Whiskey’s Future May Look Like Wine’s Present

New research from Ireland could extend the concept of “terroir” beyond the vineyard to the barley field.

Tomorrow’s whiskey drinkers could be shelling out far more for a bottle made in a particularly noteworthy year.
Photography by Jag_cz/Shutterstock

The concept of “terroir” is most closely associated with the world of wine. The French term is something of a catch-all for the natural environment in which something is grown or produced—everything from the composition of the soil to the amount of rainfall to even the slope of the ground. When it comes to wine and the grapes from which it’s made, terroir can help explain the difference in taste between two bottles of the same style made by different vineyards or even between two bottles of the same style from the same vineyard made years apart.

A growing body of research, however, has started to extend that concept beyond wine to other drinks and food, including beer and even bread. And now an American scientist and a team of Irish researchers have found evidence that the environmental conditions in which barley is grown can have a noticeable impact on how Irish whiskey tastes, as well.

The new findings could eventually mean big changes for the whiskey world, from more consumer choice to more market power for individual farmers and distillers. Today’s whiskey lovers might spend three figures for a bottle of the good stuff; tomorrow’s could be shelling out far more for a bottle made in a particularly noteworthy year, à la wine vintage.

“When you drink your glass of whiskey, instead of saying, ‘Oh, this is a Glenfiddich or a Waterford,’ you could be saying, ‘Oh, I’ve got a Waterford 2018,’” says Dustin Herb, a scientist at Oregon State University’s Department of Crop and Soil Science and a co-author of the new paper, published last month in the peer-reviewed journal Foods.

The experiment looked specifically at barley, the key ingredient in most Irish and Scotch whiskies—and not corn or rye, more commonly used in American varieties—but Herb says there’s no reason to believe terroir doesn’t impact those, too. He cautions, however, that there’s still more work to be done on the year-to-year impact of terroir, something he and his partners plan to pursue through their research initiative called the Whisky Terroir Project, which is funded in part by the Waterford Distillery. (Whiskey can be spelled with or without an e, one of the many quirks of a spirit with myriad varieties and classifications that connoisseurs love and copy editors hate.)

Still, Herb and co.’s early experiment yielded promising results.

The first challenge Herb and his colleagues faced was figuring out a way to minimize the variables introduced by the distilling process and maximize the observable impact of the barley’s growing conditions. “We wanted to focus all of our attention on how it was produced and not how it was processed,” he says.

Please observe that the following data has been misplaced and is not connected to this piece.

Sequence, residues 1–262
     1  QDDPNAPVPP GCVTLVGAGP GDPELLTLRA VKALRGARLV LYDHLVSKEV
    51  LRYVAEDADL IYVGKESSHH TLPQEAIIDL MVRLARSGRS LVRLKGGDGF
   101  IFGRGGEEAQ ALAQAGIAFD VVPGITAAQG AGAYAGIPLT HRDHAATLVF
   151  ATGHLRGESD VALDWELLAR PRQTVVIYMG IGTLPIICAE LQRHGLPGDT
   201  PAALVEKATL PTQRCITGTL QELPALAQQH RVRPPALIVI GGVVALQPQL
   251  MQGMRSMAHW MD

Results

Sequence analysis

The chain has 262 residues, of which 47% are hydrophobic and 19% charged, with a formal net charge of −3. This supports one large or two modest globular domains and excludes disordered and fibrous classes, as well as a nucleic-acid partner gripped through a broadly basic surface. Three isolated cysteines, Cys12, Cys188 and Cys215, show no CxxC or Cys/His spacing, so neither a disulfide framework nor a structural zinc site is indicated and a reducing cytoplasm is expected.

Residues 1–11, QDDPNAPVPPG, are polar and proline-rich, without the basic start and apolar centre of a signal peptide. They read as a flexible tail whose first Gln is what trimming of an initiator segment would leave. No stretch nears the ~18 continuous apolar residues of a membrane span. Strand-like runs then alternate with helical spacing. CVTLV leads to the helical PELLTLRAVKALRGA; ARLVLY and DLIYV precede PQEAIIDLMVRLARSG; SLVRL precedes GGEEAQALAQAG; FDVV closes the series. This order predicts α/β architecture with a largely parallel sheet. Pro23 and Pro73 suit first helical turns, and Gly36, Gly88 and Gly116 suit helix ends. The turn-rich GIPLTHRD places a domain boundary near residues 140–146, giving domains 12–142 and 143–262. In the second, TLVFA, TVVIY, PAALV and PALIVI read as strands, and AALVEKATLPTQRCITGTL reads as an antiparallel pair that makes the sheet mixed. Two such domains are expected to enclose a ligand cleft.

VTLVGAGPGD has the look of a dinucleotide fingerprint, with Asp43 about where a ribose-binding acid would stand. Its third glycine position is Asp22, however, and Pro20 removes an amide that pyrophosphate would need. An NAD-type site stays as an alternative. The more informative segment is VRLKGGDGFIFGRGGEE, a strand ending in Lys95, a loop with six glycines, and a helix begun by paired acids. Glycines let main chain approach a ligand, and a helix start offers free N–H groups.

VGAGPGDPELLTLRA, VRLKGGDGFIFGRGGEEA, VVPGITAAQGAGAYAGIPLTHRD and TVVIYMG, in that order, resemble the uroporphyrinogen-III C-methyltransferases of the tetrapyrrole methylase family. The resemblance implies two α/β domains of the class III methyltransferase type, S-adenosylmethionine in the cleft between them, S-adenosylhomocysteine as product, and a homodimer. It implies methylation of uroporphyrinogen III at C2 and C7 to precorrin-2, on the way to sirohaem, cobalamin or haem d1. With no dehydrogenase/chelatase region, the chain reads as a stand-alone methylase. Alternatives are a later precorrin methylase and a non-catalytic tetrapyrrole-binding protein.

Ultimately, they planted two common Irish varieties of barley in two distinct parts of the country—in inland Athy and in coastal Bunclody—two years in a row. They then harvested each crop at each site and malted and distilled the barley in the same way, producing several distinct batches of so-called “new make spirit.” (Technically speaking, it can’t be called whiskey until it is aged in wooden casks for several years.) The team then used trained sensory experts—basically professional supertasters—and an analytical lab technique known as “chromatography mass spectrometry” to isolate individual chemicals.

Based on those tests, and some statistical analysis, the researchers found distinct evidence of the impact of terroir. In terms of a spirit’s aroma—a key part of the whiskey experience—for instance, where the barley was grown actually had more impact than which of the two varieties was used. Meanwhile, the spirits from Athy were more likely to be described as earthy or grainy while those from Bunclody tended to be associated with dried fruit. Terroir, in other words, was indeed a real difference maker in the final product.

Herb says he’s excited about what that means for whiskey drinkers, who will have more information about their spirits, and those smaller whiskey makers, who should be able to better compete with those larger distillers who specialize in economies of scale and the more uniform product that comes with it. But he’s also hopeful that such a shift in perception could have a far larger impact on consumers’ relationship with the things they eat and drink.

“What this does is it brings to the front all the people that have had their hands on the product, especially the farmer,” he says. “And the aftermath of terroir also brings forth all the maltsters and brewers and distillers and everyone else who plays a role.”  

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2 months ago

We are currently doing research on this phenomenon with all natural range fed beef from our ranch in Southeastern Arizona. We have been using GPS locator collars, fecal analysis, gas chromatography analysis of over 50 different plant species found to be a part of cattle diets on the ranch; DNA analysis of plants consumed; and biochemical analysis of lipid compounds that are found in individual plants and also in the fat of beef animals being processed into meat that we market, locally.

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